When Anna Abraham first visited Athens, it struck her as the perfect place to host a cultural festival —- an event that could unite artists, academics, writers and performers around a common conceptual theme.
A psychologist and neuroscientist, Abraham joined the University of Georgia faculty last year as a professor in the College of Education and director of the Torrance Center for Creativity and Talent Development, an organization focused on researching creativity and developing innovative education techniques.
Next month, Abraham will make her vision of a cultural festival into reality. The Torrance Center will host its first Festival of Ideas from April 23-25 online via Eventfinity. Admittance will be free, but require advance registration and be limited to a thousand participants.
The event will consist of presentations from 21 individual speakers and six local nonprofits. While their subject matters vary greatly, the presenters are thematically tied by the idea of human connection, Abraham said.
“The Festival of Ideas is really a celebration of the heterogeneity of ideas of our world,” Abraham said. “It’s a way for people who have an exciting, groundbreaking, new, unique or just really interesting idea to talk in an open matter with the general public.”
Topics will range from the business-oriented to the deeply personal, the artistic to the scientific and everything in between.
Sycarah Fisher will present a talk titled “Racial Identity: A Promising Protective Factor for Minoritized Populations,” while Joan Koenig will address the musical capabilities of children. Susan Cohen will lead an interactive session on entrepreneurship, and organizations such as Books for Keeps and Love.Craft Athens are also set to present.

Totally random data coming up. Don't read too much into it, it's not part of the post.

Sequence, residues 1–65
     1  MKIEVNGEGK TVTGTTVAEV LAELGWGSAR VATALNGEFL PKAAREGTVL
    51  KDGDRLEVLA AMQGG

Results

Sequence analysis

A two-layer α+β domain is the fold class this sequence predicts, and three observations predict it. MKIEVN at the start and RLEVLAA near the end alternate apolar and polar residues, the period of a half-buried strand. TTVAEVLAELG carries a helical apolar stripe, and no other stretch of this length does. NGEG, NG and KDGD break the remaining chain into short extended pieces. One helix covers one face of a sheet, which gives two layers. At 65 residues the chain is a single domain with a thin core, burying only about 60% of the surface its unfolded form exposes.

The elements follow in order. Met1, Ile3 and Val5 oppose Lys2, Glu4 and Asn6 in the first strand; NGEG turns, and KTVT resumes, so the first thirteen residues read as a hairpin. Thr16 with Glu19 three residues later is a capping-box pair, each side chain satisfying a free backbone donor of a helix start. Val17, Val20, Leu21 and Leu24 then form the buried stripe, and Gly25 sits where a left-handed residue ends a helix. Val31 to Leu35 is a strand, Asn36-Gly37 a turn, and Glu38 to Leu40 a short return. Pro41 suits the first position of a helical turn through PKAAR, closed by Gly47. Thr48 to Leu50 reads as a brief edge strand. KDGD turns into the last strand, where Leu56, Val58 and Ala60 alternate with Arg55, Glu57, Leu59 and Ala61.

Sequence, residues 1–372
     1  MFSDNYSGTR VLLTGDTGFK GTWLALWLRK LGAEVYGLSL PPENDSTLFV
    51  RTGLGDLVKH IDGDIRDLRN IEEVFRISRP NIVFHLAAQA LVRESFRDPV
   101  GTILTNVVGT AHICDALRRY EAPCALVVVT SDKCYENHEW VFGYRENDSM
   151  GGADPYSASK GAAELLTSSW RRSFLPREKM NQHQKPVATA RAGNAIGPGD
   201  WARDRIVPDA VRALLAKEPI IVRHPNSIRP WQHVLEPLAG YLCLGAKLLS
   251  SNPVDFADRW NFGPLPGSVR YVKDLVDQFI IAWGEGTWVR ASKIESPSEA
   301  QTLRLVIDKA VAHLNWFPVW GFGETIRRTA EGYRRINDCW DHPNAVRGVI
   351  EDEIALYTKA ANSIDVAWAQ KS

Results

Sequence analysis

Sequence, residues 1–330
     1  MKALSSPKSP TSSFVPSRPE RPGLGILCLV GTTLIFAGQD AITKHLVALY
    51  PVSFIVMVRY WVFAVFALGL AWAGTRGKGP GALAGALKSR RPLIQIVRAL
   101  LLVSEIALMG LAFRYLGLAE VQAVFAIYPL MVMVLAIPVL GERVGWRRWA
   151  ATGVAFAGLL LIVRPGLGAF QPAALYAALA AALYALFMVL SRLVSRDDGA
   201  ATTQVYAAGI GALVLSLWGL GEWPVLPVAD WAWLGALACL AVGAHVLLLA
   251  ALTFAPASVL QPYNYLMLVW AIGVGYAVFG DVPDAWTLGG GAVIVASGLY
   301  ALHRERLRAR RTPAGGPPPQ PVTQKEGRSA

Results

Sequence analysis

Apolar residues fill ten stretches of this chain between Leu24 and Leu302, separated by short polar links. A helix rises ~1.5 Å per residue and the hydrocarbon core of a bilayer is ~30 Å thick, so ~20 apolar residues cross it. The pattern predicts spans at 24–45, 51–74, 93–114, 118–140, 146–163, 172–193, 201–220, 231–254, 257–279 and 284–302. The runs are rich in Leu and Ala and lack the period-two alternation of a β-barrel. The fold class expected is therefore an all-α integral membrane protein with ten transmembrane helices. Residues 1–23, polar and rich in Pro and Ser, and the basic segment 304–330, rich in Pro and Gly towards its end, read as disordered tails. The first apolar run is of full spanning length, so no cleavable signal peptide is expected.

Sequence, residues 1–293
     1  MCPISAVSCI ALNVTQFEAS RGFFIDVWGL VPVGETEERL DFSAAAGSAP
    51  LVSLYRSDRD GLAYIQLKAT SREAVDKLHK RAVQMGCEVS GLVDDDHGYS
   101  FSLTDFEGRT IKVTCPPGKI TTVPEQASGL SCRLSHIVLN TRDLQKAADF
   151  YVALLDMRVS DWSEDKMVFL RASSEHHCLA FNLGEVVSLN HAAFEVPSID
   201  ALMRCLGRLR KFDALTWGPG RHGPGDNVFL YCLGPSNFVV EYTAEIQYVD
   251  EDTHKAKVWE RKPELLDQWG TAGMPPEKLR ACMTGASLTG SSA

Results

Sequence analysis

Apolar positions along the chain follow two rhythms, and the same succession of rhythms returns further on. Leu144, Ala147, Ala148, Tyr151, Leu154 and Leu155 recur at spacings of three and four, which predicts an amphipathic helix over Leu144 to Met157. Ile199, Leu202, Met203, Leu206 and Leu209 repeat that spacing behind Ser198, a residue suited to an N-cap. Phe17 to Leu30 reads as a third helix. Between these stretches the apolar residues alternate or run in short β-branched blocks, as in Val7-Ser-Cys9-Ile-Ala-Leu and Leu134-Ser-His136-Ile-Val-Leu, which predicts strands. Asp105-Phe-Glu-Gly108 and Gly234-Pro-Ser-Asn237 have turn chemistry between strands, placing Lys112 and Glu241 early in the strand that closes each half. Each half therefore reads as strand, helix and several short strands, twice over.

The Torrance Center is also seeking art submissions exploring the theme “Reflections on 2020,” according to the Festival of Ideas website. These works will be compiled into a digital booklet and distributed to festival attendees, said Samantha Bonnet, a senior public relations major and student event coordinator for the Torrance Center.
“With 2020 being such a chaotic year … we think a lot of beauty and artistic work could come out of [the digital booklet],” Bonnet said. “We want to showcase what people went through … commemorate the last year in a way that’s not so negative and dull.”
Submissions, which can be literary, musical or visual, are open to all and accepted through the Festival of Ideas website.
Bonnet is hopeful that the Festival of Ideas will spark creativity among attendees.
“I think it’s going to have people leaving inspired, and wanting to research a certain topic or get more into something artistic,” Bonnet said.
Abraham expressed a similar sentiment.
“I’m a great fan of the unexpected,” she said. “I would be really interested… just to see the collaborations and inspirations that come out [of the festival]. I’m just interested in the magic of it.”